So, I just finished reading The Book of Mormon Girl by Joanna Brooks last night. I'd seen it mentioned by a few Mormon bloggers, most recently by Sarah, so I checked my library and saw it was on the New Books shelf. I had to return a book for Andrew so I picked it up that afternoon, and read it within a day of finishing Rachel Held Evans' A Year of Biblical Womanhood. I enjoyed learning about the typical Mormon childhood - or, at least, the cultural one for many of those growing up in the western United States. I laughed at some of her memories. The bits about church camps, and Marie Osmond's make-up and fashion tips were especially good. Here are other things that took my attention.
"No, no, we Mormons were taught that our works must carry us there,
that our works would make us perfect enough for God to finally recognize
us as worthy of His love." (pg. 63) This contrasts to my own faith
where we stress the grace and mercy of God, and His reaching down to us
while we were yet sinners (Romans 5:8).
One chapter is "mormons vs. born-agains" because where Joanna Brooks
lived, there were apparently enough of both groups to have some
conflict between them. Maybe both groups were competing for the same
souls. (The born agains were the bad guys in case you were wondering.)
I know my own personal experience with Mormons growing up was meeting
exactly one when we were pages for the NC House in Raleigh for four days when we were sixteen. Stephanie and I ate lunch together and I
remember she had a houseful of siblings all with S names. We got along
well. Likely we gravitated to each other because we were not exactly
like the other teens serving as pages that week. I can't recall. I just
remember her name and what she looked like, and that we talked over
lunch. I'm not in a place where many Mormons live - we do have an LDS
church or two around so I guess they exist. I've only ever seen the
missionaries riding bikes or shopping the dairy section at Walmart.
Anyway, she writes about those California born agains -- "Had they
disciplined their minds for the possibility that God would ask them to
take a second wife into the family in order to get to heaven?" (pg. 80)
Uh, that would be a big fat NO. Again, we don't believe God requires
us to do a whole lot to get into heaven. We believe Jesus did it for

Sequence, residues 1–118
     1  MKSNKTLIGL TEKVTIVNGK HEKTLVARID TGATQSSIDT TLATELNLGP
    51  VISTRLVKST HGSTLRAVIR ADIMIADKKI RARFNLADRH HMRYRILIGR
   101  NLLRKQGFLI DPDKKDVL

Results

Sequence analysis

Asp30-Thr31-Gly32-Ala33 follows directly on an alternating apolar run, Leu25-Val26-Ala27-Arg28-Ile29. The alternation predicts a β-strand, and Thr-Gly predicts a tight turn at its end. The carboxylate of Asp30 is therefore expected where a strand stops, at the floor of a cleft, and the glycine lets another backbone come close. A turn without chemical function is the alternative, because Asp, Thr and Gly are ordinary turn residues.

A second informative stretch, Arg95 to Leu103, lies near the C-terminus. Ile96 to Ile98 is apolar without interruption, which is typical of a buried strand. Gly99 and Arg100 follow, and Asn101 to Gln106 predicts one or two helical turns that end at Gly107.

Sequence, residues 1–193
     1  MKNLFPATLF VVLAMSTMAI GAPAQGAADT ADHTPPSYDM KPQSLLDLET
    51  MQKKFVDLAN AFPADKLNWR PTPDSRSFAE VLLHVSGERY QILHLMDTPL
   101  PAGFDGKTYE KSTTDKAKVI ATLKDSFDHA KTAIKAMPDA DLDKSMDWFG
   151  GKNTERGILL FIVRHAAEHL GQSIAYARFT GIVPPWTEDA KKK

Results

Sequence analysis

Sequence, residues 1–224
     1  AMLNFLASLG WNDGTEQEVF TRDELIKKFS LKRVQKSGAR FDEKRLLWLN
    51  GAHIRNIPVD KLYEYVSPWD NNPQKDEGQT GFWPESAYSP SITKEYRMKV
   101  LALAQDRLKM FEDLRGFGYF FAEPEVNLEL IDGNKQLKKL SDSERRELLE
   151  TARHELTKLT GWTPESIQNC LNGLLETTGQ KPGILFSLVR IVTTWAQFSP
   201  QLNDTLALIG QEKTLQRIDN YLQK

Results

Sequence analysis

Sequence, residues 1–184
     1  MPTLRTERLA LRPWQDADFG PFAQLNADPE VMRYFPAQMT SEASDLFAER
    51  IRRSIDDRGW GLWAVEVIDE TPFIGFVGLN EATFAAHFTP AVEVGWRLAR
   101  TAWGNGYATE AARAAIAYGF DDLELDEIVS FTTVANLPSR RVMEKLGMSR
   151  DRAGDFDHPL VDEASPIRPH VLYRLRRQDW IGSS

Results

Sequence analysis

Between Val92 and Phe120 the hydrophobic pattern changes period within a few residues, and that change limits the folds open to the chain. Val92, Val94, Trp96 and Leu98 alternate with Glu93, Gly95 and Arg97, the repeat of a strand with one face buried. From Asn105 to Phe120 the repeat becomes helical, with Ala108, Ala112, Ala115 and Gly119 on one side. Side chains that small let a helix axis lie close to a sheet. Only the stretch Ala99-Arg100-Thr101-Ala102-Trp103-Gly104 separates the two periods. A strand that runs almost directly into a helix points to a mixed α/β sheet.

us. That's why HE is the Savior. Not us. And we don't believe in
heavenly marriages most especially not polygamous ones. I have enough
trouble with Islamic heaven which doesn't sound like heaven to me AT ALL
what with men having access to 70-some perpetual virgins according to
some interpretations. (I personally love the feminist interpretations
that those houris are really raisins! Haha...)
I didn't realize how important marriage is to Mormon beliefs. While
I'm married, I can't help but feel sad for the many who are not. Are
they doomed to lesser heavens simply because - like the apostle Paul or
Jesus - they never married?
Brooks didn't mention the need for children, but I'm guessing my
choice of not having children isn't a popular one in Mormon circles.
(Truthfully, it's not exactly popular in evangelical circles either, but
we aren't doomed for a lesser heaven for it that I'm aware of.) Sorry,
but the thought of "eternal pregnancy in the company of plural pregnant
wives" in order to populate "the highest realms of heaven" with "spirit
children" is not my idea of heaven. (pg. 97) I really did understand
more why gay marriage is such a threat to many Mormons. You can't
procreate naturally with two men or two women.
Something I wondered: can Mormon women remarry if they are widowed?
I see where Mormon men who lost a first wife can be sealed to a second
wife for eternity as well. (pg. 87) She didn't mention women. Is
heavenly polyandry OK in this case? This reminds me of the conversation Jesus had with the Sadducees about marriage at the resurrection.
Never realized Mormons had to confess to a bishop when they did certain sins.
Mormon preoccupation with the dead is interesting if not a bit creepy
with all those files. I do think it's cool that they are interested in
where they came from, and trying to save their ancestors by doing things
for them now. Dedicated people. For me, it's more interesting on the
level that I sometimes wonder about those people who make up me. Really
have you ever stopped to think how many thousands of people contributed
to who you are today?
I am glad I married within my faith. I'm glad it works for
Joanna Brooks and her husband, but it would be difficult for me, I
think, to have a husband who is allergic to Jesus since Jesus is so
central to my faith. She said she doesn't even celebrate Christmas much
I could never align myself with a church or any organization that
keeps files on dissenters with the threat of excommunication and so
forth. I like my freedom too much, and suppose I'm not real big on
accountability. God keeping a book about my life is one thing. A group
of church leaders is quite another. I find God often is much more
merciful than we humans are to one another.
Brooks talked about Mormon defensiveness. Probably because of
posts like this. I really don't mean it in an evil born-again way. I
was just pointing out things that took my attention as one outside the
faith. Overall it was nice reading about growing up Mormon and how her
path has differed from her more orthodox family and friends.
One last thing...I had to smile at the couple of recipes shared in
the book as they are two I'm very familiar with. I like seeing what we
have in common. Most Mormons I've met - which is online usually - seem
like really, really wonderful people if not a bit cliquish. But I
understand better why they are this way, and I'm thankful for the ones
who let me butt in with my comments on their blogs and take the time to
answer my questions. To you: thanks much!